NEW YORK (TheStreet) -- Millennials are advertisers' Xanadu -- a promised land filled with dollar signs and the prospect of lifetime brand loyalty. Hooking the 18- to 35-year-old market has become a marketer's obsession
Putting aside millennials' worst reputed habits (entitlement, narcissism, laziness), younger consumer's spending is nothing short of dazzling: millennials spent $367.4 billion on non-essential discretionary items last year, accounting for 21% of total U.S. spending, according to research house Experian. And that comes as Millennials earned 30% less income in 2013 than the national average.
At this year's Advertising Week, the four-day industry conference that concludes Thursday in New York, advertisers and online publishers agree that their focus is the elusive roughly 77-million members of Gen-Y market, and that the best way to reach them is clearly mobile.
"The consumers' shift to mobile has happened and Millennials are basically mobile-first," said Susan Panico, Pandora's (P) head of marketing, during a Q&A session.
Among the youngest bracket of the demographic, 18-year-olds to 24-year-olds, smartphone use totals 5.2 hours per day, nearly two hours more than the average user, according to eMarketer. And smartphone usage is only increasing. Currently, nearly 86% of 18 to 35-year-olds own a smartphone, up from 78% a year earlier and well above the U.S. average of 71%, according to Nielsen, the media research company.
But for content producers to capture youth's attention, it's more than a mentality of "build it and they shall come." Millennials's consumer habits are fundamental different than preceeding generations, says Jason Kint, CEO of publishers' association Digital Content Next.
"They certainly seem to snack more in bits," Kint said in an interview. "You're trying to get the information to the consumer as quickly as possible in a consumable way. That's why Twitter (TWTR) - Get Report has been so powerful."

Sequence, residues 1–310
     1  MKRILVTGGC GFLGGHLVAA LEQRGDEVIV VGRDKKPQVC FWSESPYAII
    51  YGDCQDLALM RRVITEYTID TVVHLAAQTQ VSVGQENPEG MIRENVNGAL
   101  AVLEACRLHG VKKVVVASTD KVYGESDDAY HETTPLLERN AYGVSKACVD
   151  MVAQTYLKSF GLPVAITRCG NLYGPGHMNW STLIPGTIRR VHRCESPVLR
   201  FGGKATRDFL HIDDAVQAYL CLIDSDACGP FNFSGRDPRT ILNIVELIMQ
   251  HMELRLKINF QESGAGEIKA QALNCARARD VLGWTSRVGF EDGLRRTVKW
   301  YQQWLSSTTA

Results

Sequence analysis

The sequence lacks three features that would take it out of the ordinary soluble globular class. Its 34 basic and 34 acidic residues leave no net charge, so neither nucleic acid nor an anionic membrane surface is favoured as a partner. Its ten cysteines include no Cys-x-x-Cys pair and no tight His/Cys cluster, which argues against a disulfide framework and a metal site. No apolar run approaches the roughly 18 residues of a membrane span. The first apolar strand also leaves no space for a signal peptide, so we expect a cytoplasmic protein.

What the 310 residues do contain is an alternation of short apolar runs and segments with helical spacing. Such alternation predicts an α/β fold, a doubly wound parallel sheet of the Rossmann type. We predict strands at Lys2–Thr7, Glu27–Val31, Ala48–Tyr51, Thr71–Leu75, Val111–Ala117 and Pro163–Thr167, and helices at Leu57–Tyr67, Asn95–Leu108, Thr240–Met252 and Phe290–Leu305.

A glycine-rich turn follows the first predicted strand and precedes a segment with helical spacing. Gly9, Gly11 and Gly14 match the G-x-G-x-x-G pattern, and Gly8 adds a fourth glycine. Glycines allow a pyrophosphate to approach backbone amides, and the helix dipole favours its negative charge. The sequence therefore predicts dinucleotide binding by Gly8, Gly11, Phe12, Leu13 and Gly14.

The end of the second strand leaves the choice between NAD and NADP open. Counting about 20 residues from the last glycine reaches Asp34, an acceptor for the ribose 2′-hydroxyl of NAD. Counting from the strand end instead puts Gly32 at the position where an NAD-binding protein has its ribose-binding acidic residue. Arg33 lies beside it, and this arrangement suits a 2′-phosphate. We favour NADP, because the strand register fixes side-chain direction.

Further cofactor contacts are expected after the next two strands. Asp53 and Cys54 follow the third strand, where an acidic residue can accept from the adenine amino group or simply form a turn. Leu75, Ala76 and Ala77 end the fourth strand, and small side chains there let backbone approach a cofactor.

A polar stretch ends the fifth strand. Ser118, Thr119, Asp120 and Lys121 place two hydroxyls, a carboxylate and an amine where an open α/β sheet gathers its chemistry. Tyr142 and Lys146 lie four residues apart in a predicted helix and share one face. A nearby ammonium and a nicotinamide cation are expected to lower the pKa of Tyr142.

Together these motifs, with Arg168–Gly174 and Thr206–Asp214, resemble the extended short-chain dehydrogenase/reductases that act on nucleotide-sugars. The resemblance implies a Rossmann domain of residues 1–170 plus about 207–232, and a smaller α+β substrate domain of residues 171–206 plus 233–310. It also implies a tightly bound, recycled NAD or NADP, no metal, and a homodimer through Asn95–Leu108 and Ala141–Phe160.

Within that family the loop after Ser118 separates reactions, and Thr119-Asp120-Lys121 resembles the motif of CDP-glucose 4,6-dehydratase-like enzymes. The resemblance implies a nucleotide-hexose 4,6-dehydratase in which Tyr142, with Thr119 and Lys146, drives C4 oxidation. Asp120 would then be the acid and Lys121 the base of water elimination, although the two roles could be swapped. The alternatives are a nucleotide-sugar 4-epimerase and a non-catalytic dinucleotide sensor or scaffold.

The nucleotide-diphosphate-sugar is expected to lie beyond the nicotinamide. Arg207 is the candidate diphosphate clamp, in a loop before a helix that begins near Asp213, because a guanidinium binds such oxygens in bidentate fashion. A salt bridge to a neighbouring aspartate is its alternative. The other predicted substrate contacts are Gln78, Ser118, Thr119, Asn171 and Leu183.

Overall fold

The key, too, is to rethink the newssite as a destination while weaving the brand into Web locations that Millennial already visit (read: social media). "You have to be everywhere they are rather than creating these bright shining beacons and hoping they come to you," Laurel Pinson, editor-in-chief of popular Millennial site StyleCaster.
Take AOL's (AOL) Huffington Post as example, a site built from the ground-up as a digital brand. The site topped the list of English-language publishers mid-year with the most content on Facebook (FB) - Get Report , six times the number of articles Buzzfeed had shared, and racking up a total 51 million impressions on the social network (Facebook 'likes' and comments, for example). According to its parent company, 53 million Millennials visit at least one AOL property, including Huffington or tech site TechCrunch, a month.
"Sharing is a huge part of [Millennials'] fabric," says Kint. "It's part of their identity -- what information they know, what brands they use."
Surprisingly, examples of public media companies appealing to the market in an authentic way are scant. Pinson, when asked, pointed to privately-held Hearst's Cosmopolitan and Conde Nast's Style, but for public companies, "I think it says a lot that nothing comes to mind."
It's a dire oversight for media companies to overlook the demographic with advertisers willing to splash huge amounts of cash to capture the market. Globally, mobile advertising revenue more than doubled in 2013 to top out at $16 billion, according to Magna Global. eMarketer forecasts that mobile advertising spending in the U.S. will more than triple to $58.3 billion by 2018. In fact, this year the medium should outpace newspapers, magazines and radio, as brands increase mobile expenditure by 83%.
The challenge, though, is for publishers to think on their feet and move quickly because the next generation of consumers are already here. "I don't think we understand Millennials enough yet and now we've got our first generation of native digitals," said Kint.
"My daughter walks up to the TV at a Best Buy and was trying to swipe and she was completely dumbfounded, perplexed as to why that wouldn't happen," added Panico. "You have this next generation that's so connected."
And that presents a billion-dollar opportunity for advertisers, brands and publishers to connect.
-- Written by Keris Alison Lahiff in New York